(a) What are the top three “key texts” in the field?
This is a challenging question for me, as I am on the margins of political theology as a philosopher of religion and religious naturalist. I also find it impossible to choose three works that would be universally important to everyone, or “key” in an ahistorical sense. While acknowledging the fact that the historical emergence of political theology is associated with the oeuvre of Carl Schmitt, I am inclined to focus on three recent texts within the context of U.S. intellectual history. The following are very helpful to me as I have explored the value and implications of political theology when assessing the wide-ranging forms of violence that become apparent when taking seriously the undeniable force, power, and facticity of materiality, imperialism, and xenophobia:
- Catherine Keller, Political Theology of the Earth: Our Planetary Emergency and the Struggle for a New Public (Insurrections: Critical Studies in Religion, Politics, and Culture) (2018)
- Vincent Lloyd and Jonathon Kahn, eds., Race and Secularism in America (Religion, Culture, and Public Life) (2018)
- Jeffrey Robbins and Clayton Crockett, eds., Doing Theology in the Age of Trump: A Critical Report on Christian Nationalism (Westphal Seminar on God and the Human Future) (2018)
b) What are two texts that need to become “essential texts” but are not yet?
The two texts I consider crucial for 2021 and onward are Michael Hogue’s American Immanence: Democracy for an Uncertain World (2018) and Timothy Morton’s Humankind: Solidarity with Non-Human People (2017).
c) What are your reasons for including these texts?
As a religious naturalist, these texts, as well as the ones identified above, help me to think about the difficulties of understanding and applying political advocacy as a humanist. In particular, they provide me with wonderful insight into the myriad problems and implications associated with the narratives of human exceptionalism — a key issue that I think is at heart of enacting political theory, political theology, and political ethics. I am compelled by them because I think the perpetual enactments of sovereignty that political work often addresses are steeped in and made possible in and through exceptionalist narratives and constructions. These texts also widen the scope of religious discourse beyond traditional Christian concerns and categories, and they address the conceptual issues I think are at the center of the purported divide between the purported “secular” and “religious.”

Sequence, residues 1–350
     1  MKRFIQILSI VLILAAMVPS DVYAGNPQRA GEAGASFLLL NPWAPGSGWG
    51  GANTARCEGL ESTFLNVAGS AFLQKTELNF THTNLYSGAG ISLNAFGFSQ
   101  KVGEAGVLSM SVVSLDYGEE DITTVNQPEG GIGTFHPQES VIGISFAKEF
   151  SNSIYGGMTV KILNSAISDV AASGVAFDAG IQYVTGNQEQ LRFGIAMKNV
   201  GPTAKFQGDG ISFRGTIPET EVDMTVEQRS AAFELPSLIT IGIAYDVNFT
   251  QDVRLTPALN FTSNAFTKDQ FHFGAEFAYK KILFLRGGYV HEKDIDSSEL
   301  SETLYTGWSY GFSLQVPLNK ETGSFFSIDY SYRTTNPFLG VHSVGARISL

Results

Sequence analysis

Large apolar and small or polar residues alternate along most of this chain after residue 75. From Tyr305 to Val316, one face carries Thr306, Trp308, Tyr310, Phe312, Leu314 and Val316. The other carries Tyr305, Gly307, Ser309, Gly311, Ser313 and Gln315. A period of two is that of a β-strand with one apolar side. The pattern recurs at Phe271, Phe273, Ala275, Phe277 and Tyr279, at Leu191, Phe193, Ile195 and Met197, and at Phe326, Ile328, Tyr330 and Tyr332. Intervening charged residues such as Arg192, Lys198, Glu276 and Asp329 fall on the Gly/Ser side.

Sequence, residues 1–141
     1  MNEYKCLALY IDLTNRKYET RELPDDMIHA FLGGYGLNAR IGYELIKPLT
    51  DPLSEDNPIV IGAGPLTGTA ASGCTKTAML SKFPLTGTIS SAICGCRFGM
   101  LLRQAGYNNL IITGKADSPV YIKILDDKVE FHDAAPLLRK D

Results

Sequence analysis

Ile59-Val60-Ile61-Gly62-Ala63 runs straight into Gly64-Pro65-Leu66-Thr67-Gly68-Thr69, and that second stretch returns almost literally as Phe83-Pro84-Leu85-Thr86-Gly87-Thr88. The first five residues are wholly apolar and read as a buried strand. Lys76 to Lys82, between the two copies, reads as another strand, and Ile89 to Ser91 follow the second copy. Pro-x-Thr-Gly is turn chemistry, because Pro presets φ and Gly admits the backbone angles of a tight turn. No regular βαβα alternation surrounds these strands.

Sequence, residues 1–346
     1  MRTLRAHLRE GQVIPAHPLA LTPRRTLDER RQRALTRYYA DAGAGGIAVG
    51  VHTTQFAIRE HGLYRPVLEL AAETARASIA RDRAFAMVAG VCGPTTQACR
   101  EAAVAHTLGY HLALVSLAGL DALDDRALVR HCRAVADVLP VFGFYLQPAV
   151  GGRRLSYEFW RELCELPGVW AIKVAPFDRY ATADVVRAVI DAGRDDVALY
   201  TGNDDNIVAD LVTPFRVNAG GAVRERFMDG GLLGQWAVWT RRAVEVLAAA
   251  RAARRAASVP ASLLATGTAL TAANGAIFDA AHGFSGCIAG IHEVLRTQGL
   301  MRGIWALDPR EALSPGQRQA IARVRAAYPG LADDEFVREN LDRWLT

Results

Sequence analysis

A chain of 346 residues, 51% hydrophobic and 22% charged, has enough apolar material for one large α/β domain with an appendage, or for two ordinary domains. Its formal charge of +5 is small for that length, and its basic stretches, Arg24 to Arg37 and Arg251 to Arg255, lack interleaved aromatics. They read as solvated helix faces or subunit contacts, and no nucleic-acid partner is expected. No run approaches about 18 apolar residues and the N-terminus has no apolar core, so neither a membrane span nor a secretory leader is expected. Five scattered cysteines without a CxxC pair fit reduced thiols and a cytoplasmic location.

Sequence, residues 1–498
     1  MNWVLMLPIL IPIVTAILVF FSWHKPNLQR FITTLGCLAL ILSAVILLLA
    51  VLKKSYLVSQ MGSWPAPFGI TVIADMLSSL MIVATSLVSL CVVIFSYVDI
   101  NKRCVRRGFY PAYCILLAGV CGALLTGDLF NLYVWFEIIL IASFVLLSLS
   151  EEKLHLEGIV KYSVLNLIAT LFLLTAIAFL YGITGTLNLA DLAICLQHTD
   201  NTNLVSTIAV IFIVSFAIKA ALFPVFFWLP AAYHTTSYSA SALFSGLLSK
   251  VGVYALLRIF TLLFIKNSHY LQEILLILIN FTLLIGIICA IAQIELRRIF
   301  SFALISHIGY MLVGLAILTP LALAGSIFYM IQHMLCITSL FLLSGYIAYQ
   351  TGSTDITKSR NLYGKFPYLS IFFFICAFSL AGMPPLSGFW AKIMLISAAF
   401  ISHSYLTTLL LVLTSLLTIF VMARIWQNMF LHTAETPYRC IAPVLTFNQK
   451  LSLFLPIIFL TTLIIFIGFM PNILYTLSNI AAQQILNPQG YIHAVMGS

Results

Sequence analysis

I specifically chose Hogue’s American Immanence primarily because it creatively explores issues of sovereignty and race within the Anthropocene age, all while offering a powerful indictment of contemporary social, political, economic, and environmental realities. Furthermore, Hogue’s focus on this tradition of American immanence as the starting point for addressing a political theology is ingenious. With it, he rejects the logics of a metaphysics of inside and outside, and rather seeks to draw out the radically democratic, ecological, and theopolitical potential implications of the pragmatic naturalist, radically empirical, and process relational lineages of American immanence. In Hogue’s rendering, this tradition approaches moral values as emergent, provisional and negotiated rather than antecedent, absolute and imposed. This tradition also rejects the symbol of God as unitary, sovereign, supernatural, and metaphysically transcendent, but clears the way for symbolizing the divine and sacred as diffused, vulnerable, natal, and immanent. By affirming the wonder and sublimity of the diverse expressions of creativity and agency in the universe, this traditional of American immanence lures us toward more vital and more resonant ways of being in the world, more existentially and spiritually enlivening modes of life.
Morton’s text is one that many will not readily or easily identify as theological, or even political, in any narrow sense of those terms. However, his text amplifies my interest in the urgent necessity of addressing human exceptionalism. It fascinates me because it explores the separation between humans and non-humans from an object-oriented ontological perspective, arguing that humans need to radically rethink the way in which we conceive of, and relate to, non-human animals and nature as a whole, going on to explore the political implications of such a change. Morton’s text evokes for me a political activism that is messy, entangled, and embodied, occurring when humans are attuned to what Morton calls “the fact of our existence in a biosphere, the ‘symbiotic real’ from which we have been ‘severed’. Humans are discrete beings, but deeply interrelated with, and reliant on, other beings (viruses, bacteria, other animals).
(d) in two to three sentences how would you define and/or describe the field of political theology?
I view the field of political theology as an interdisciplinary field of studies: a wide range of voices, texts, and forms of advocacy that imbue the older categories of the “political” and “theological” with new meanings and aims. Specifically, I would characterize political theology as an academic-activist model of religious scholarship that assesses the various legacies of colonialism and imperialism; it also focuses on the consequences of the control and exploitation of colonized subjects, their lands, and their ways of life. In the twenty-first century, political theology also challenges the notion of politics as rights, policies, governance, decisions, and it resists the notion that political advocacy is only for the well-being of human communities. I think the field draws richly from traditional disciplines such as religion, history, political science, philosophy, sociology, anthropology, human geography, as well as from the current discourses of feminism, critical theory, critical race theory, ecology, animal studies, and postcolonial thought.